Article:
West African Primate Conservation Action (WAPCA) aims at the conservation of two highly endangered primate species, the Roloway Monkey (Cercopithecus diana roloway) and the White-naped Mangabey (Cercocebus atys lunulatus), which are endemic to rainforest areas in Ghana and Ivory Coast. The populations of Roloway guenons and White-naped mangabeys in captivity serve as prominent ?flagship species? for the entire ecosystem of the Upper Guinean Forest with its unique biodiversity of plant and animal species. As examples of their wild relatives these monkeys serve to sensitise zoo visitors of the need for biodiversity conservation.
The NGO WAPCA is formed by an association of 11 European Zoos, conservation organizations and individuals. WAPCA implements conservation activities primarily in Ghana, and more recently, preliminary work has begun in Ivory Coast. In Ghana, there are both in-situ and ex-situ conservation projects in progress. As an in-situ project, the Endangered Primate Centre (EPC) is a facility which houses monkeys as part of an internationally coordinated breeding program for endangered species (EEP). This is located in Achimota Forest Reserve, Accra and forms part of a newly developed mini-Zoo, which it?s hoped, will eventually become a full-sized, modern facility.
The sites where WAPCA is conducting ex-situ conservation activites are situated in and around several Protected Areas in the Western Region of Ghana. The forests found in these areas are the natural habitat of the Roloway monkeys and White-naped Mangabeys. Some of the conservation activities WAPCA is implementing in these areas include research to determine the current status of populations, capacity building with Wildlife Division, an awareness campaign in villages bordering the Protected Areas and work on the development of alternative, sustainable livelihoods.
In close collaboration with WAPCA?s main local partners the Wildlife Division, and local NGO, Friends of National Zoos (FONZ) , WAPCA has constructed and advised on the management of the Endangered Primate Centre since 2005. The centre houses several groups of White-naped Mangabeys and one pair of Roloway Monkeys. The monkeys are registered as part of the European Breeding Program for Endangered Species (EEP) and in the context of this; they are transferred between Accra and European Zoos to enhance the genetic variiability of captive populations.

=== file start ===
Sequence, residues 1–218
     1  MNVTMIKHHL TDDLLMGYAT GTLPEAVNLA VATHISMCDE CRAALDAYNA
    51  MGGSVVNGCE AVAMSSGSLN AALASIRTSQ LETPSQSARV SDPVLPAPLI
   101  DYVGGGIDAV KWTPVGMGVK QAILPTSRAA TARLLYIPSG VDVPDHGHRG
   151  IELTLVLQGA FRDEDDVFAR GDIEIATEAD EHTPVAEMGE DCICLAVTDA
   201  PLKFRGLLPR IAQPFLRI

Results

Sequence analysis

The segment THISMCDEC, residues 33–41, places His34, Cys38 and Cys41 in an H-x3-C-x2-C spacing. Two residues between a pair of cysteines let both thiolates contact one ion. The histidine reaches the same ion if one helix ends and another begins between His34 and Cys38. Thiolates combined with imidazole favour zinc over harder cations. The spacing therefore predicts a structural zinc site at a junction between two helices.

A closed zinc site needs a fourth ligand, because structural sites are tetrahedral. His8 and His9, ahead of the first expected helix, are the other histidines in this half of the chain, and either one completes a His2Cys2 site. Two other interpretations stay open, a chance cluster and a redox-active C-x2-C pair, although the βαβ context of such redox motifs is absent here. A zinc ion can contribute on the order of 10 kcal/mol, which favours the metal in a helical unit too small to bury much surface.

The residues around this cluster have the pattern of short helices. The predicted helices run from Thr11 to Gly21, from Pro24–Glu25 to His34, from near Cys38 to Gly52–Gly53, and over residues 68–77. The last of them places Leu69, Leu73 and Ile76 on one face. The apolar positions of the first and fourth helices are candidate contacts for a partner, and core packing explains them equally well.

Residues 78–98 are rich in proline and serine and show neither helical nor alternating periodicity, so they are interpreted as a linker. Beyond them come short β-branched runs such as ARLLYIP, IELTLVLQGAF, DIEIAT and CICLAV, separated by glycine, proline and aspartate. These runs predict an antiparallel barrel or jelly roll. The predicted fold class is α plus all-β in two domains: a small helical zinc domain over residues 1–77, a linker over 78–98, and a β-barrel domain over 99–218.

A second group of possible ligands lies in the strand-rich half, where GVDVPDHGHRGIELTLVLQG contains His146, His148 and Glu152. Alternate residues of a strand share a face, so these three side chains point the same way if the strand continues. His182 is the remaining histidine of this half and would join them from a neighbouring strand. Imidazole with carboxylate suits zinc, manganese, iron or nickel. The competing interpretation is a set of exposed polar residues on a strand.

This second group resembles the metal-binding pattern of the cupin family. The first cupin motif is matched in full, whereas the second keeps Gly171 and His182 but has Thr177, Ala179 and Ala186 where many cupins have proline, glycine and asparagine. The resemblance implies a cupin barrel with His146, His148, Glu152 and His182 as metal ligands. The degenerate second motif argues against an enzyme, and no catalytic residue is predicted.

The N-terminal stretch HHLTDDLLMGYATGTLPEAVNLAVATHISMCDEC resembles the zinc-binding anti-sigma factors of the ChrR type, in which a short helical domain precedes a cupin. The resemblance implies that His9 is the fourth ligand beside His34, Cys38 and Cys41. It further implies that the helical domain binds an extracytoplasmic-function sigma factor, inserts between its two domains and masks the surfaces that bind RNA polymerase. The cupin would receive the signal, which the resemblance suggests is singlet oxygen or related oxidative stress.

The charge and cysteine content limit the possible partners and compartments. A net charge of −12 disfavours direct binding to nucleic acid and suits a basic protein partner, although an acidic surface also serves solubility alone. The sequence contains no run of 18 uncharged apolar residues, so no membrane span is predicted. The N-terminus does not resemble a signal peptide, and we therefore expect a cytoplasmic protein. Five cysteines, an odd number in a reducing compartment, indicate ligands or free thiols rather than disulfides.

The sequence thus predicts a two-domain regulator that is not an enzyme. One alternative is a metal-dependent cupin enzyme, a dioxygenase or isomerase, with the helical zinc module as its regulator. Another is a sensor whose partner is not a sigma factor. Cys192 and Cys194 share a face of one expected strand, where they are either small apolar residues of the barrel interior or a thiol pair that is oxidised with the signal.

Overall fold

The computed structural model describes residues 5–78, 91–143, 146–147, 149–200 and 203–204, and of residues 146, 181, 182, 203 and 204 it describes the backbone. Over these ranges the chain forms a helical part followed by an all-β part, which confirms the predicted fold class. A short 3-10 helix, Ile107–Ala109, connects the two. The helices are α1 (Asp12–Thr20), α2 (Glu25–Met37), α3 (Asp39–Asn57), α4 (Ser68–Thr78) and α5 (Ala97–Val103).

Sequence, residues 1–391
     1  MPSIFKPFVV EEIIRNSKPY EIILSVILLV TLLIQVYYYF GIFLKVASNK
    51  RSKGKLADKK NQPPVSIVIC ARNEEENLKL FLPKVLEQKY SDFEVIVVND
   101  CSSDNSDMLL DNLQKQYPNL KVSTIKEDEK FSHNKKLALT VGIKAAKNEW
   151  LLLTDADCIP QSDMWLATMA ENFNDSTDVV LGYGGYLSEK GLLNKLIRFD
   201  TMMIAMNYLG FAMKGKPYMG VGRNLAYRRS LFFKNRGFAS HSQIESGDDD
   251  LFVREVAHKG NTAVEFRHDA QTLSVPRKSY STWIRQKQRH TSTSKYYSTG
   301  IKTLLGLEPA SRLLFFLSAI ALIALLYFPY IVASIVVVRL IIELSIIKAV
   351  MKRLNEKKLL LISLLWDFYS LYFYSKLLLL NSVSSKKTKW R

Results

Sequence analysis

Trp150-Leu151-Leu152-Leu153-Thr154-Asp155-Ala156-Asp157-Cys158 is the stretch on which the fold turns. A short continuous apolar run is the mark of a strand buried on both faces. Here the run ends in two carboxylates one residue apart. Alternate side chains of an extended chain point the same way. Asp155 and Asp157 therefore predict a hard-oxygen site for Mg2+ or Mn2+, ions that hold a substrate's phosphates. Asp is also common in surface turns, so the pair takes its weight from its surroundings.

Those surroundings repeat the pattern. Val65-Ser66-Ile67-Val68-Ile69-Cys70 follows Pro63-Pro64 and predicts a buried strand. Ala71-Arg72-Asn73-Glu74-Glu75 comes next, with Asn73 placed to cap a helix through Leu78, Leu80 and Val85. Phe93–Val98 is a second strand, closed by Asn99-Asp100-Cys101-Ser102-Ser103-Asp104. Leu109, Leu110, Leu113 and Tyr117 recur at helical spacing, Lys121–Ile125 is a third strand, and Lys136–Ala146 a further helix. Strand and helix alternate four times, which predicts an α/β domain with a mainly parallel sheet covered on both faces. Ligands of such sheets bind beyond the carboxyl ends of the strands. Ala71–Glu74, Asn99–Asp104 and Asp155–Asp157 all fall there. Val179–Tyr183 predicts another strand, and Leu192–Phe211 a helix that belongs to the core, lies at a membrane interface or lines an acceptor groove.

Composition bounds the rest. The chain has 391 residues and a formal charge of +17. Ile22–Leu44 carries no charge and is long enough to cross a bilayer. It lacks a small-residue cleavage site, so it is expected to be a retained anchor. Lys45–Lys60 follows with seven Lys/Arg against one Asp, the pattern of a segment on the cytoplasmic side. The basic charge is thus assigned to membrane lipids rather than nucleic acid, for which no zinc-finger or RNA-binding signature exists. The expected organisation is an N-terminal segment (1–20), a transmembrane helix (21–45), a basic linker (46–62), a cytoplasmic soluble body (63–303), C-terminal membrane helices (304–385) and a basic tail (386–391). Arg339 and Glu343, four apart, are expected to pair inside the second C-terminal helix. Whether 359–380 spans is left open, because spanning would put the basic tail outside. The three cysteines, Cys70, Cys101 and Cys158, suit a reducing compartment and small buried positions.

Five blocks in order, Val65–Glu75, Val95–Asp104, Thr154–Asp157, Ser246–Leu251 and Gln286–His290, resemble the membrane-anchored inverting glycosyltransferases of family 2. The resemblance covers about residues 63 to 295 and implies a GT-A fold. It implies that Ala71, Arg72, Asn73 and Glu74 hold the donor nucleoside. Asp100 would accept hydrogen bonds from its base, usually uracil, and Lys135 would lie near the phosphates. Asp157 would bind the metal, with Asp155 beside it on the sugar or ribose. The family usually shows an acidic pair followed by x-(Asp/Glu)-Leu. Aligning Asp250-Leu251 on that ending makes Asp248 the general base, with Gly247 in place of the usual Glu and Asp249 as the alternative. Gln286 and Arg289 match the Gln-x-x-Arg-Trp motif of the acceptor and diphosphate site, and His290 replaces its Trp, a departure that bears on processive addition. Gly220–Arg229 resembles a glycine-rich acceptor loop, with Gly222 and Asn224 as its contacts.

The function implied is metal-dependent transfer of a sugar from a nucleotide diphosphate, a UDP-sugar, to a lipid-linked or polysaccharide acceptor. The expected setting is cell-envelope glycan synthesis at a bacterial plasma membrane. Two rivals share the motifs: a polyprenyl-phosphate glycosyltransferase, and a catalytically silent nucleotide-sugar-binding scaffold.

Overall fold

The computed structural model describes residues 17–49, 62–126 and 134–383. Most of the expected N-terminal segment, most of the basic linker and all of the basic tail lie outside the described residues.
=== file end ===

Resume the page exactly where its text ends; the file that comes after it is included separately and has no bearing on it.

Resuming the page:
The group sizes, particularly of the mangabeys, is growing continuously thanks to new births and confiscations of animals which are found being sold as part of the bushmeat trade or illegally held as pets. The EPC provides a well equipped facility for the monkeys, as well as being a valuable resource for educational purposes. The centre helps to educate visitors about the plight of endangered species and the threats to nature caused by humans.
Research projects in the monkeys? natural habitat enable us to evaluate the current status of the remaining populations of endangered species. Long term surveying and monitoring provides data which can then be used to concentrate conservation efforts in particular areas. Close collaboration with the Wildlife Division and supply of equipment improves the rangers patrol work in the forest. To attract more tourists to the Protected Areas, WAPCA has built facilities such as a game viewing hide and an education trail in the Ankasa Conservation Area which will enable tourists to visit the forest and remember it as a unique experience. Projects in the communities which border the forests, aim at the development of sustainable livelihoods and raising awareness about the issues affecting wildlife. Whilst local people need to be aware of the value of the forest and the importance of protecting it it is equally important, or even more so, to develop income generating activities which provide a viable alternative to hunting and exploitation of forest resources.